I am trying to make a macro that needs to evaluate an arbitrary (not known at parse time) amount of iterations of some code, which will change each time. I am trying to figure out how you would separately splice into the different levels of quoting. Here is a rough example of this
for var2 in foo($var1)
@eval @othermacro $var2 $var1
I also saw this post, but it didn’t really have an answer.
Also thought about trying to make
@othermacro just capture
var2 directly instead of receiving it, to avoid this problem, but I can’t figure out how to make that work either.
This sounds impossible. If the number of iterations is not known at parse time, it can’t be known to the macro either, since that’s when macros are expanded. In particular, in your code example
@othermacro is expanded once, before the for loop is run.
If you want to evaluate the macro a constant number of times (given as a literal) you can do
Expr(:block, (:(@othermacro $i) for i=1:n)...)
julia> @macroexpand @somemacro 3
I’m a bit at a loss here, trying to understand what you want to do, and exactly what your problem is…
Do you think you could elaborate a bit on your example? In particular:
- what should the macro call look like?
- what should the macro expand to?
And IIUC the inner
@othermacro macro is written by you. Does it have to be a macro? Is it called in an other context elsewhere, or did you just write it for the purpose of using it inside
I was basically trying to hack together a version of what
ImportMacros.jl does and trying to manually bind the symbols from calling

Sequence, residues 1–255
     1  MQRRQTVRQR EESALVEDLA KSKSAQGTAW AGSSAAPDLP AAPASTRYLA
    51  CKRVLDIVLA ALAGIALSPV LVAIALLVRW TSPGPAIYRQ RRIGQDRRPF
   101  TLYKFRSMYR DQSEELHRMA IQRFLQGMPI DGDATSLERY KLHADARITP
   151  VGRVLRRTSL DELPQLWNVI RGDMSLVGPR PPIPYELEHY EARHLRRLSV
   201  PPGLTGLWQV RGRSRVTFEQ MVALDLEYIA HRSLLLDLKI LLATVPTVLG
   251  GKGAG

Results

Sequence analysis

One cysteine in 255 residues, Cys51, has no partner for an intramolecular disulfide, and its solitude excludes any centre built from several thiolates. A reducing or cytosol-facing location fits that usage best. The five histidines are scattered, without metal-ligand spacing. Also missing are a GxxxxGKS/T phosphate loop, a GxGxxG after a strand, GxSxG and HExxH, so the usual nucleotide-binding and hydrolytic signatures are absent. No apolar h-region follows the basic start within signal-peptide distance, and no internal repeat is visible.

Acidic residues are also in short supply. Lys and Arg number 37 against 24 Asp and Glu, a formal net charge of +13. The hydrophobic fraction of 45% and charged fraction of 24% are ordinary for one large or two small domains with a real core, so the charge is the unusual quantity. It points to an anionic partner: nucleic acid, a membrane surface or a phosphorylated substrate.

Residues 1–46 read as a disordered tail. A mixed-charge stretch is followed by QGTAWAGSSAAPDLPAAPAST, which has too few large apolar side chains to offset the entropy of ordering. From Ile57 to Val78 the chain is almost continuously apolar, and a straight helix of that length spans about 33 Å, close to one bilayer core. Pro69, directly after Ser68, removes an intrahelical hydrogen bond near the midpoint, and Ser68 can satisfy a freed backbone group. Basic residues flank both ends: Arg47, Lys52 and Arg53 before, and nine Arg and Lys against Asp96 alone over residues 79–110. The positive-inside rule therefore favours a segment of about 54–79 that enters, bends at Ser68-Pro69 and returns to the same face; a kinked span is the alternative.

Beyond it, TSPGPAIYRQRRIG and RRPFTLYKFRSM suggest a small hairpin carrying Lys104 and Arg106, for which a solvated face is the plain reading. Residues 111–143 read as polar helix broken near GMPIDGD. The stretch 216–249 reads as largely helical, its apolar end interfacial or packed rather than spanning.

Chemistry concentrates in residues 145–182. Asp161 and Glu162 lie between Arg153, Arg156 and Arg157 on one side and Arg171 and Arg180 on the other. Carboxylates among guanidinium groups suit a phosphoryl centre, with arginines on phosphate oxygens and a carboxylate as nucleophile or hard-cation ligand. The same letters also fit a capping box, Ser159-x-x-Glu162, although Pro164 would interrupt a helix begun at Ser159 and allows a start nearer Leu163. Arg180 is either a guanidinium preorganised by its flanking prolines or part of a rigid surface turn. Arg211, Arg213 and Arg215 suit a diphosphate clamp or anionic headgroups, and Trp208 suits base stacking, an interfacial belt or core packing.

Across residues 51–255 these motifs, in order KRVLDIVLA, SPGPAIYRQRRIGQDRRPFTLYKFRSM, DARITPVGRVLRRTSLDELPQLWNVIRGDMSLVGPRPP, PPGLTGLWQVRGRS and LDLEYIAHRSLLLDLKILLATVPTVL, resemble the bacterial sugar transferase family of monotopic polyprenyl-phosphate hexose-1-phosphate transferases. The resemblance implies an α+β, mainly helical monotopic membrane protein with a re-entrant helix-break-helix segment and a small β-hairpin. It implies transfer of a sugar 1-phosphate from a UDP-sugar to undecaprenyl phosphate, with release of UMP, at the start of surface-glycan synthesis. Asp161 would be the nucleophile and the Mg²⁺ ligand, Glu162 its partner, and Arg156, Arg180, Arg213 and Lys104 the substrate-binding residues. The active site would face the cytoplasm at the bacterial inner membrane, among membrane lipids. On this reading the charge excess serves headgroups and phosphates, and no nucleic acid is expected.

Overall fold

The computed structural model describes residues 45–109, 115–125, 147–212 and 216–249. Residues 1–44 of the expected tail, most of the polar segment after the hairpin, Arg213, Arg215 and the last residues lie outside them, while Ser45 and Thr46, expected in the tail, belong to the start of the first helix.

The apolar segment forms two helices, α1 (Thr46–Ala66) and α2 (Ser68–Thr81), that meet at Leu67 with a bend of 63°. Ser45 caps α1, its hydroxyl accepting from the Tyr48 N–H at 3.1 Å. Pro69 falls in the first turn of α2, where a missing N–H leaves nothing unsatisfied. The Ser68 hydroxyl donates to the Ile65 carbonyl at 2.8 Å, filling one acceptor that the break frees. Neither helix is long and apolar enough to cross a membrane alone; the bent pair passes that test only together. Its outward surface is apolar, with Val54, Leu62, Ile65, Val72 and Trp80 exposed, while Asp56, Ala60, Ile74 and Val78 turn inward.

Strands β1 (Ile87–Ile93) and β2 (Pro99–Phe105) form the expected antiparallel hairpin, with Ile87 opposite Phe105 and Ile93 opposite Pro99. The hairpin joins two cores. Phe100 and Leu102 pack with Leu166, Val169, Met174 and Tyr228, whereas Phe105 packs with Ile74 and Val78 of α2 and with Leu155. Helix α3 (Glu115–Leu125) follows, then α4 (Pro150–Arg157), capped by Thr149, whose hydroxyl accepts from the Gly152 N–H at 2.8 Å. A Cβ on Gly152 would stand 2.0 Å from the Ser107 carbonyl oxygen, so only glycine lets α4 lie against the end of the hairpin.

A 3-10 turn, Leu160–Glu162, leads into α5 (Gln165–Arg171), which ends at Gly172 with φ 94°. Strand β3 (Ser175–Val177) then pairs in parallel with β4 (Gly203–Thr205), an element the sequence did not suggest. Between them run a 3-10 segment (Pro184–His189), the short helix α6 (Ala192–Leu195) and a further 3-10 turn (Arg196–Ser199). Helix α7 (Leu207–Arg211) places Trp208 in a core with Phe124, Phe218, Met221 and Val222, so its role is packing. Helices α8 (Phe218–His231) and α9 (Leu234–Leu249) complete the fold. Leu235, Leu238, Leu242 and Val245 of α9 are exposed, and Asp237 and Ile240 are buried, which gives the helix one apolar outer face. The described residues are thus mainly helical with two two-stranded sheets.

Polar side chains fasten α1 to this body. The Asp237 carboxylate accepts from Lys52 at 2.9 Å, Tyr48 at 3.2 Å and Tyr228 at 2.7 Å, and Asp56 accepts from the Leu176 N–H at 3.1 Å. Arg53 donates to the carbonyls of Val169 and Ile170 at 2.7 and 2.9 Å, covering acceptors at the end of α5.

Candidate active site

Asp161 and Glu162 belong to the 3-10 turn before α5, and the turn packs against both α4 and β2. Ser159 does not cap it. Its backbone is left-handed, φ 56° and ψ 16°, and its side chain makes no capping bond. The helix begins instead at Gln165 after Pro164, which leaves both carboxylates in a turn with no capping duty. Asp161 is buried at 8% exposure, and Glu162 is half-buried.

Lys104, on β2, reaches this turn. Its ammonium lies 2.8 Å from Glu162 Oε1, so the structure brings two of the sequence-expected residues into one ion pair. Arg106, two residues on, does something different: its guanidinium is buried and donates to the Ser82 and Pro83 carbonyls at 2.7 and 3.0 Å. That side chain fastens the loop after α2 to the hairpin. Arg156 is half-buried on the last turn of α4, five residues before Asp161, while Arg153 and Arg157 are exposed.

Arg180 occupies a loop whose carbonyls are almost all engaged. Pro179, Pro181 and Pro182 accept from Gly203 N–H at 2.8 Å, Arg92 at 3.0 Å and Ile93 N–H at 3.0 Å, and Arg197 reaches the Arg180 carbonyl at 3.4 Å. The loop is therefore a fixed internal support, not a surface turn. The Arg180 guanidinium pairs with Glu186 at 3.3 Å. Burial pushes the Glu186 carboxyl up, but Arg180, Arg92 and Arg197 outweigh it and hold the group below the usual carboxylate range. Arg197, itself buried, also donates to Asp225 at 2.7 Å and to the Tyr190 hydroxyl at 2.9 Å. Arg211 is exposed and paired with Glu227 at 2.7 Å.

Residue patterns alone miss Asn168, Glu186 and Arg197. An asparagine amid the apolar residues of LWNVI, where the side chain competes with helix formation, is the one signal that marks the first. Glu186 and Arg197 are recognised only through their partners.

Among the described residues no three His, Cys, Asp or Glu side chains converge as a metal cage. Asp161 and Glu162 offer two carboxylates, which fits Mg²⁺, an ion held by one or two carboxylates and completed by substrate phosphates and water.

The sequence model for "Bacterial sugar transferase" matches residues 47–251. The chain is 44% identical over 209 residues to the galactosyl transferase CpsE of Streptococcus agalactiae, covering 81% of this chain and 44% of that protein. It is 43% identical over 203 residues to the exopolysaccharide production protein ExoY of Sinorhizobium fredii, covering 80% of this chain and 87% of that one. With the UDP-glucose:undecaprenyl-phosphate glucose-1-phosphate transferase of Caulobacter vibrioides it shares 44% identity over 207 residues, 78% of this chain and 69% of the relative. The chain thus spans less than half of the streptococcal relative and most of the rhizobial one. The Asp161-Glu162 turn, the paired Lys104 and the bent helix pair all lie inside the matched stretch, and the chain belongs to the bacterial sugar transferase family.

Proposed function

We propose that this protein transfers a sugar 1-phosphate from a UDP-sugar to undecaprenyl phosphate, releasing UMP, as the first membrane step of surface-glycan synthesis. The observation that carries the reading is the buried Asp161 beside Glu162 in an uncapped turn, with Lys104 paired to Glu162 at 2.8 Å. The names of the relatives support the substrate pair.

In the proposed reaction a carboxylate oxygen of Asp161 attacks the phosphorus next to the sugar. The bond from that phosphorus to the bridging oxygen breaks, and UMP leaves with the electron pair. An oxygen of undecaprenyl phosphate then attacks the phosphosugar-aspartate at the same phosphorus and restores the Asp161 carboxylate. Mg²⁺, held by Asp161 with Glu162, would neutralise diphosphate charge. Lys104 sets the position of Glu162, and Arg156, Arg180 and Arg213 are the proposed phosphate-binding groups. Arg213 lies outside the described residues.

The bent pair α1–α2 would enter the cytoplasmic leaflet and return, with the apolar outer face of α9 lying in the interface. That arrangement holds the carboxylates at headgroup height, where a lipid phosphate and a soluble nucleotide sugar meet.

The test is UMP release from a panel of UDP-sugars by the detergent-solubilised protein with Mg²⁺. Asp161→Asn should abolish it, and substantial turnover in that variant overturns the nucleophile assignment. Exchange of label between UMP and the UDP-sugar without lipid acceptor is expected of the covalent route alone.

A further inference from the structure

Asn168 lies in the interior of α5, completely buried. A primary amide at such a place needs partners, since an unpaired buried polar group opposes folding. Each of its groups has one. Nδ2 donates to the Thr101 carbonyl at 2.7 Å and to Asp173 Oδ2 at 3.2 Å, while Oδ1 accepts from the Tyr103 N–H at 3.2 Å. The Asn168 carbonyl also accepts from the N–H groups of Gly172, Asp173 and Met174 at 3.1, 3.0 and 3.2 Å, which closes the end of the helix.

names on some module to local variables in the calling scope.
I think I pretty much figured out better ways to do this (export the actual for loop from the macro and abuse
Meta.parse and the string constructor and
eval), but with this question I am still curious if it is possible to have different depths of interpolation for nesting quoting calls. I’ve noticed that quote blocks leave string interpolations un-interpolated so that the actual interpolation can be done at evaluation time, but I can’t find any clear way for raw code in a quote block to be left un-interpolated so that a later quote block can pick it up.
Edit: There was a better way to do what I was doing by using a loop in the macro to build up the expressions and splatting it into another expression with
:toplevel then just interpolating the whole thing into the output to avoid extra
Parse statements, so perhaps the failure to get that nested quoting to work was for the best, but I still think this is an area of ambiguity.